Please sign up for the latest updates from Operation Mobilisation. You can unsubscribe any time.
Coming to Italy was supposed to provide them with a good job and a better life. Instead, they are forced to sit on the side of the road for hours every day and sell themselves for a few euros. This is the reality of many girls who have been trafficked to Italy and forced to become prostitutes.
For the past two years, OM workers in Italy, along with women from local churches, have been working to support the trafficked girls and raise awareness about their situation. Almost every Thursday afternoon, two or three women from the team, along with a male driver, will go to the streets and talk with whomever is willing. Most of the girls they meet were brought from Nigeria.
Emma*, one of the women on the team, said building relationships with the girls was difficult in the beginning. “We had to gain their trust step by step” she said. “We could have been anything; we could have been part of the police. But step-by-step, they started to trust and to see that we wanted to help them.”
OM team member Katja* explained that one of the most important needs for the girls was “to be shown they have value and a purpose in Christ—that their destiny is not in prostitution, but that there can be another option and a way out.”
The team has worked hard to engage the Nigerians and create friendships with them. Every outreach, they greet the women by name and offer them food and drink. Sometimes, they will bring birthday gifts, clothes and Italian lessons, so the girls can integrate better into society. They also spend time outside outreaches with the girls, taking them to dinner, the beach or church. The team is now well received, and many of the girls feel safe enough to trust them with their stories. By providing holistic care and support, OM ultimately aims to lead the girls to hope and freedom in Christ.
Along with the girls they see weekly, new girls will show up on the streets after being trafficked to Pisa. “Last year we met two young girls who had just arrived,” Emma said. “They were terrified and crying. They didn’t know what they were coming to Italy to do. They asked us to pray for them and to ask forgiveness from God because they knew this was not pleasing Him.”
The number of girls being trafficked continues to increase. Simona Moscarelli, an anti-trafficking expert at the International Organization for Migration, estimated that the number of Nigerian sex workers smuggled into Italy by sea has gone up more than 300 per cent over the past three years. “What we are seeing at the moment in terms of the numbers and scale of the criminal trade in Nigerian women is unprecedented,” she said. “Before, the women were exploited, but there was a chance that they could pay off their debts and be free. Now these girls really are slaves and subject to terrible violence. The age of the women is getting younger, to the extent that a large percentage of those arriving now are classed as unaccompanied minors when they come off the boats.”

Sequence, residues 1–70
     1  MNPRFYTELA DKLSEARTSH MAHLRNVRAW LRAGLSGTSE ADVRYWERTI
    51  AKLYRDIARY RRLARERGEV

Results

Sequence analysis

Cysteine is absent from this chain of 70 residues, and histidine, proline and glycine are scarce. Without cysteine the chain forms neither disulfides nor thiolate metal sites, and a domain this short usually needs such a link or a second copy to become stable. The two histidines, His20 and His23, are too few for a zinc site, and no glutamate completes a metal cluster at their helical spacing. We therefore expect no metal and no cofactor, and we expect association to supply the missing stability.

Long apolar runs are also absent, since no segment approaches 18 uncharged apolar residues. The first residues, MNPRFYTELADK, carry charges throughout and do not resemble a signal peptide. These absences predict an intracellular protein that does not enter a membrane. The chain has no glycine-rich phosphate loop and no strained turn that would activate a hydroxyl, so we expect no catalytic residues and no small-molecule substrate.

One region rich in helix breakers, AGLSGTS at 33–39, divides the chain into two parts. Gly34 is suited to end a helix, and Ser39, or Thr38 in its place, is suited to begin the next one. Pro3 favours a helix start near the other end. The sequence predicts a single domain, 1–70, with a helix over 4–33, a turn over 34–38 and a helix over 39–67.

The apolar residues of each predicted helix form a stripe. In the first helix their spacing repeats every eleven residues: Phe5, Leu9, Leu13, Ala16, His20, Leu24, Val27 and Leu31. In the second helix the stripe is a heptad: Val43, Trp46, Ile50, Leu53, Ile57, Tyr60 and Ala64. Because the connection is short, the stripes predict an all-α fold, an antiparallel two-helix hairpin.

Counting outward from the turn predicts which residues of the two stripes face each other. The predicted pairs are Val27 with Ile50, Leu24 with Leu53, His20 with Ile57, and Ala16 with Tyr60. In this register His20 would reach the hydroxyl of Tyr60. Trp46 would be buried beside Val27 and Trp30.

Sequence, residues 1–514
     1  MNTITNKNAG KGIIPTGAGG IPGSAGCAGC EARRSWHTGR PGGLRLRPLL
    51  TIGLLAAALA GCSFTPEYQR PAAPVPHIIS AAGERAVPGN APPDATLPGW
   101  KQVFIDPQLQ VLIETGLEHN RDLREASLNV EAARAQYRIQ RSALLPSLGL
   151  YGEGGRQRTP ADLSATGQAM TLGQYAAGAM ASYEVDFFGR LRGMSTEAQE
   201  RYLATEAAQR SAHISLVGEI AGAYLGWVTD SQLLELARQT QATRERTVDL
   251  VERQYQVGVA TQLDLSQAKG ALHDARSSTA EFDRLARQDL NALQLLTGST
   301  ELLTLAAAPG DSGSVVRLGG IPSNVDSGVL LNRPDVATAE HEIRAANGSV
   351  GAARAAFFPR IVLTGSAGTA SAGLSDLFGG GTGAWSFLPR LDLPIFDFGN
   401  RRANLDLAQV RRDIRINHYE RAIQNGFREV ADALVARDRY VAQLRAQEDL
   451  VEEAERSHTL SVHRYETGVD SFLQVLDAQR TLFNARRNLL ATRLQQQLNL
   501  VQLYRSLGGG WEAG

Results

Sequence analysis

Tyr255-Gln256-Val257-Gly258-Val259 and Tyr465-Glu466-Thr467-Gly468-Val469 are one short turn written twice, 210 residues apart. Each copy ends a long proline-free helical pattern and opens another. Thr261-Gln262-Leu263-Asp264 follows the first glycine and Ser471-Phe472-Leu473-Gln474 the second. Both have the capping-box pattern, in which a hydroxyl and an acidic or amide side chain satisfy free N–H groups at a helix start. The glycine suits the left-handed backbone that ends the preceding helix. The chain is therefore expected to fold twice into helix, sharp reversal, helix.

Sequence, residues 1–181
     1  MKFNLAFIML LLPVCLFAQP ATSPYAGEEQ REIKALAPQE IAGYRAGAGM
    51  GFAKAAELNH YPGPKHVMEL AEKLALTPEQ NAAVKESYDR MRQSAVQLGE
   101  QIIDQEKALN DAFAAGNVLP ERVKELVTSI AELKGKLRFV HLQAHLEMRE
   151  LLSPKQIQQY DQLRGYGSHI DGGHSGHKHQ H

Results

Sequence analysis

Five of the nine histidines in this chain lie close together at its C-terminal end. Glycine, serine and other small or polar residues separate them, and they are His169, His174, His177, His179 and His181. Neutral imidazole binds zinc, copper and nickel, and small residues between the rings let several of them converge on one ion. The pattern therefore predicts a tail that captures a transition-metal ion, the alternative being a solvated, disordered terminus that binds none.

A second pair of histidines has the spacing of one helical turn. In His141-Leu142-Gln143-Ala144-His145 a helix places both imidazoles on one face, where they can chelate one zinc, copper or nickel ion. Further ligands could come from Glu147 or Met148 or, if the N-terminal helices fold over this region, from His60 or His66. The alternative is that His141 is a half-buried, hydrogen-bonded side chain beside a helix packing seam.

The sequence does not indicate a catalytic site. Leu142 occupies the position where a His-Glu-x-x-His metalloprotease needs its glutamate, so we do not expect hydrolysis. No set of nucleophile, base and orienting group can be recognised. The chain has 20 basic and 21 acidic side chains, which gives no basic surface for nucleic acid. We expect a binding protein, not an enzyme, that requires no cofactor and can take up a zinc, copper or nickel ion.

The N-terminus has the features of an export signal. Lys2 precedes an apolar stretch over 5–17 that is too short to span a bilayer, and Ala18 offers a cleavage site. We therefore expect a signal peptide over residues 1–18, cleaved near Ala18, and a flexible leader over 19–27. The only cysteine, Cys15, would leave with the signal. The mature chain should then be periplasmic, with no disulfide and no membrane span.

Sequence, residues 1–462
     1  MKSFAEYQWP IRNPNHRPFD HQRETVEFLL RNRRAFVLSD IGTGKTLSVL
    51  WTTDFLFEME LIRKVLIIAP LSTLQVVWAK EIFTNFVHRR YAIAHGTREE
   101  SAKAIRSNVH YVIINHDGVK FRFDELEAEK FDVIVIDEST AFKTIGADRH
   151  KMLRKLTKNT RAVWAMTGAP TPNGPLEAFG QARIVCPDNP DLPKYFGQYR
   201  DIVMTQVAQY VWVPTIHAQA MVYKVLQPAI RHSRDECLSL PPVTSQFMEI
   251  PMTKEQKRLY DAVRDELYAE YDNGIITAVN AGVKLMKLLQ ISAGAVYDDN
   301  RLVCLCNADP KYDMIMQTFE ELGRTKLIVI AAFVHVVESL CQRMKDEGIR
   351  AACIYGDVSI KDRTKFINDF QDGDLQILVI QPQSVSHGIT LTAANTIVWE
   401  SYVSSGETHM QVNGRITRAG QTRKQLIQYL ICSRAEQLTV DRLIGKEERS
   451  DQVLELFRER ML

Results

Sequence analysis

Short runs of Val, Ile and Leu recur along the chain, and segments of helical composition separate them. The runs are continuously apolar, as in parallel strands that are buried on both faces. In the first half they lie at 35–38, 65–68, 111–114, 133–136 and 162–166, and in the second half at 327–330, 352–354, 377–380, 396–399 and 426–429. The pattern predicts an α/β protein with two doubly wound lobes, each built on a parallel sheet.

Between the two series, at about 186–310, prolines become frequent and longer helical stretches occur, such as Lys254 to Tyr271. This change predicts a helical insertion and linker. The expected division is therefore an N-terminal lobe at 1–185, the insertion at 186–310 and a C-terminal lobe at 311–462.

Traffickers exploit the poverty, discrimination against and lack of opportunities for girls by giving them false promises of a better life in Europe. Some girls are sold by their own family members. The girls are brought into the country by boat or by plane then told they have to sell themselves in order to pay their debt. This debt, upwards of 30,000 euros (about 36,798 USD), is in exchange for passage to Italy and employment.
The traffickers use threats and voodoo to fill the women with fear and keep them on streets. They tell the girls if they try to escape, their family will be killed or they will be cursed. These convictions of possible harm have a powerful hold on the girls’ lives and prevent many from leaving the streets.
Myria Vassiliadou, the EU’s anti-trafficking coordinator, said Nigerians in Italy are among the most vulnerable victims of such modern slavery and remain largely unseen due to the influx of people arriving in Europe.
Working with trafficking victims can be taxing for the OM team when faced with the sheer enormity of the problem. They say the most difficult part of their ministry is accepting that they cannot help everyone. Looking towards the future, Katja hoped to be able to care for the women more holistically and to create a network of people who can address the girls’ different needs—including spiritual and psychological—and facilitate their social and economic integration. “Otherwise there is no realistic way to begin a new life,” she said.
The OM team wants to create more awareness about the realities of trafficking. “People say, ‘Oh, they earn a lot of money; it's their choice,’” Emma reported. “But it's not their choice.”
Another team member said she wished the men who bought the girls would realize they were buying women who are enslaved and prisoners. “The exploitation affects the individuals for the rest of their lives,” Katja added. “Our western culture’s mindset, selfishness and sin drives the trafficking forward. In Italy every fourth or fifth man buys sex yearly, but the problem is not tackled. If there were no demand, there would be no trafficking.”
*Name changed for security